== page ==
I went out for a 5 mile run at 3 a.m. in my town, a typical Long Island suburb. As I stepped out into the cool (very) early morning air, I faced my first obstacle: my house’s sprinkler system. I quickly analyzed the situation, and decided that the path of least risk involved edging along the side of the lawn and leaping over a sprinkler head. Two very wet legs later, and I was on my way.
The sprinklers in front of my house seemed to set a theme for my run. As I headed down my block, a solitary figure reflecting off shiny wet asphalt, I noticed a sound filling the damp air. A sort of hum, a familiar swishing. I looked around and suddenly realized that every house on my block had their sprinklers on. The slight drizzle I had noticed was about half rain and half sprinkler mist, rain from the sky and ground (a Forrest Gump quote concerning ‘rain that goes up’ comes readily to mind).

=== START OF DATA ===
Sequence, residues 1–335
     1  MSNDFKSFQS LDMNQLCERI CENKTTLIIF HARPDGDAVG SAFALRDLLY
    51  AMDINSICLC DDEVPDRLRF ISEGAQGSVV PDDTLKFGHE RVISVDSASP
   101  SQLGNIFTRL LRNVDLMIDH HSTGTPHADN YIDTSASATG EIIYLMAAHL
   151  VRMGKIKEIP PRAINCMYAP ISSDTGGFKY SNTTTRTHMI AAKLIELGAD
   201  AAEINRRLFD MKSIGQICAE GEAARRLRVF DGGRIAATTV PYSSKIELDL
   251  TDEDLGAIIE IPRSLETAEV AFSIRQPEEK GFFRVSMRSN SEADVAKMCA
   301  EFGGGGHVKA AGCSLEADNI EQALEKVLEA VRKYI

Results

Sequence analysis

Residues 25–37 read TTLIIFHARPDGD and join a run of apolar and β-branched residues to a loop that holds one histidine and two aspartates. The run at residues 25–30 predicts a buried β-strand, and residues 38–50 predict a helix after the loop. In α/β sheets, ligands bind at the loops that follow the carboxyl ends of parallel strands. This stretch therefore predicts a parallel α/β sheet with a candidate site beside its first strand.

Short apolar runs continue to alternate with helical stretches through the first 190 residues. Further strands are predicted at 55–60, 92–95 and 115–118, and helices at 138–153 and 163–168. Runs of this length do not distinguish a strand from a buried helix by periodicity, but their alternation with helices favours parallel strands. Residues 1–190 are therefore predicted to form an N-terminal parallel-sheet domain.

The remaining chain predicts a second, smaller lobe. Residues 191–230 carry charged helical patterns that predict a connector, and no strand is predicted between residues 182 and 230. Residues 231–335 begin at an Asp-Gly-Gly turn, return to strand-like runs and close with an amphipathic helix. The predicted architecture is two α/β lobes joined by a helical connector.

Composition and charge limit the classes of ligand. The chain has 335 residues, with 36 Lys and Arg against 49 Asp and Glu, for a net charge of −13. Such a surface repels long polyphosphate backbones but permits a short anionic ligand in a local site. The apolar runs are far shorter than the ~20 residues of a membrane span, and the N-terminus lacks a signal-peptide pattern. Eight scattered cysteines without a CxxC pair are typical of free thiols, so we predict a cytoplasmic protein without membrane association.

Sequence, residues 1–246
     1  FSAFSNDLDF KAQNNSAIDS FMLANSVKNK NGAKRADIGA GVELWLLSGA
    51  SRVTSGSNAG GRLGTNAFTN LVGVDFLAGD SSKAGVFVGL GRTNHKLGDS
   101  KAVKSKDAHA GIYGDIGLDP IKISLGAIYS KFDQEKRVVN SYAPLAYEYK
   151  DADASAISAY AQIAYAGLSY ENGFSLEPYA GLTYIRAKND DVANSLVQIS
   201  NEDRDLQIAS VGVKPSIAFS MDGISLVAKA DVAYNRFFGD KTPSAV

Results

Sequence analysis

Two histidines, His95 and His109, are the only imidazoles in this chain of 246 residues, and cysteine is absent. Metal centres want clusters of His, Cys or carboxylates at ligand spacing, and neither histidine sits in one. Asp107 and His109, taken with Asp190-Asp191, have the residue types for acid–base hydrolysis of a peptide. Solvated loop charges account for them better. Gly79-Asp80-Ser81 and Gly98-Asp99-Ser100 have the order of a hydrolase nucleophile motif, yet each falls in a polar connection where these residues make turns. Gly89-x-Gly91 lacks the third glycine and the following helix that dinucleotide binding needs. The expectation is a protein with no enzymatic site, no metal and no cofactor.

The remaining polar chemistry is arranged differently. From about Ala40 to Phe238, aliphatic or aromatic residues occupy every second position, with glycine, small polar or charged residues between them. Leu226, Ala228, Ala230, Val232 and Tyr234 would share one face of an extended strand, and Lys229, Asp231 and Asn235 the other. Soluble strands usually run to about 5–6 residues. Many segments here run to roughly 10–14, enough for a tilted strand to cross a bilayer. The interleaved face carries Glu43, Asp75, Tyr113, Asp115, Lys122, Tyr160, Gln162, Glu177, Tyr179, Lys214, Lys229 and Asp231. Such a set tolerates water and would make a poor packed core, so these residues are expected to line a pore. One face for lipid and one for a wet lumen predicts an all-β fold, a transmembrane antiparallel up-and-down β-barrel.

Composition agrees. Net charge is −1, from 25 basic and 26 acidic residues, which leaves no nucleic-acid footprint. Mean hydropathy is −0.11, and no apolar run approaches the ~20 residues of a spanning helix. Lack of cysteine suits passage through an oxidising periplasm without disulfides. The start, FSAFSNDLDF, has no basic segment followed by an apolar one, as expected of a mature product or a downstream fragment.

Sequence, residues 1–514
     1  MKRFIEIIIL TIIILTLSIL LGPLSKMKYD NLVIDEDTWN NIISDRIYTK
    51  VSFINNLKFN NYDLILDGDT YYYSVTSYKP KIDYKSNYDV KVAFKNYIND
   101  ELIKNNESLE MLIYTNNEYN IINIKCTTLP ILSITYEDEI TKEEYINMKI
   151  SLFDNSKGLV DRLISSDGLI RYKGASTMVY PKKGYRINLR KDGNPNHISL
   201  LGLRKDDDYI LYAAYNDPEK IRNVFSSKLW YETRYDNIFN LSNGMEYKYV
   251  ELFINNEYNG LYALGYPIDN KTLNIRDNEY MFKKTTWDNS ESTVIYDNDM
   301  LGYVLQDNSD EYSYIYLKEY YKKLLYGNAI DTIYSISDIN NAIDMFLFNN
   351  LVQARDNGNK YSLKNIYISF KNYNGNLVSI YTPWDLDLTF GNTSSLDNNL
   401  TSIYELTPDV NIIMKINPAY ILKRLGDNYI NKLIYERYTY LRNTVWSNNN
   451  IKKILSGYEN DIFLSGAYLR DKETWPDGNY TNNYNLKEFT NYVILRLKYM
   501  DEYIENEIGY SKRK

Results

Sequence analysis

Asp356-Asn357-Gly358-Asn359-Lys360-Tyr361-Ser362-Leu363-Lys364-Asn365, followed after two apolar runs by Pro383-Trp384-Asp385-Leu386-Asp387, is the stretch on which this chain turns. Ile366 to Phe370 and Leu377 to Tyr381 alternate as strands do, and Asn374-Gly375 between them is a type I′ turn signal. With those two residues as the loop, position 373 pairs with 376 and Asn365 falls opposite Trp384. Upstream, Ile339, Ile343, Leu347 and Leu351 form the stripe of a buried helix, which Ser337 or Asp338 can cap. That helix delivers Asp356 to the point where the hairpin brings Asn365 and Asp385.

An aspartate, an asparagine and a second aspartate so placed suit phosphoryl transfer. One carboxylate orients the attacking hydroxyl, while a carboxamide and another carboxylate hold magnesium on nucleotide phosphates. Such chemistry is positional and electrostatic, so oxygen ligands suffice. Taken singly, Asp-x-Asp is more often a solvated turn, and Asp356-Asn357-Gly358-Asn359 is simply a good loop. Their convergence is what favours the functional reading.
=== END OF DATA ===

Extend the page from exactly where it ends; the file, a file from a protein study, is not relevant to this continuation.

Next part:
As I continued my run, every block I passed had houses with sprinklers going. I thought it so typical, the suburban houses with the tidy lawns and all the sprinklers set to turn on at 3 a.m. when no one is supposed to be around. And there I was, breaking the rule, observing the sprinklers quietly going about their solitary business. It almost felt like the rain was no rain at all but entirely sprinkler mist, their rebellion to my intrusion.
But I took all the water, rain and sprinklers alike, in stride. And it was fitting when about a mile away from home I got thoroughly soaked by a sprinkler to which I got too close. The sprinklers, the suburban rain, had their final say.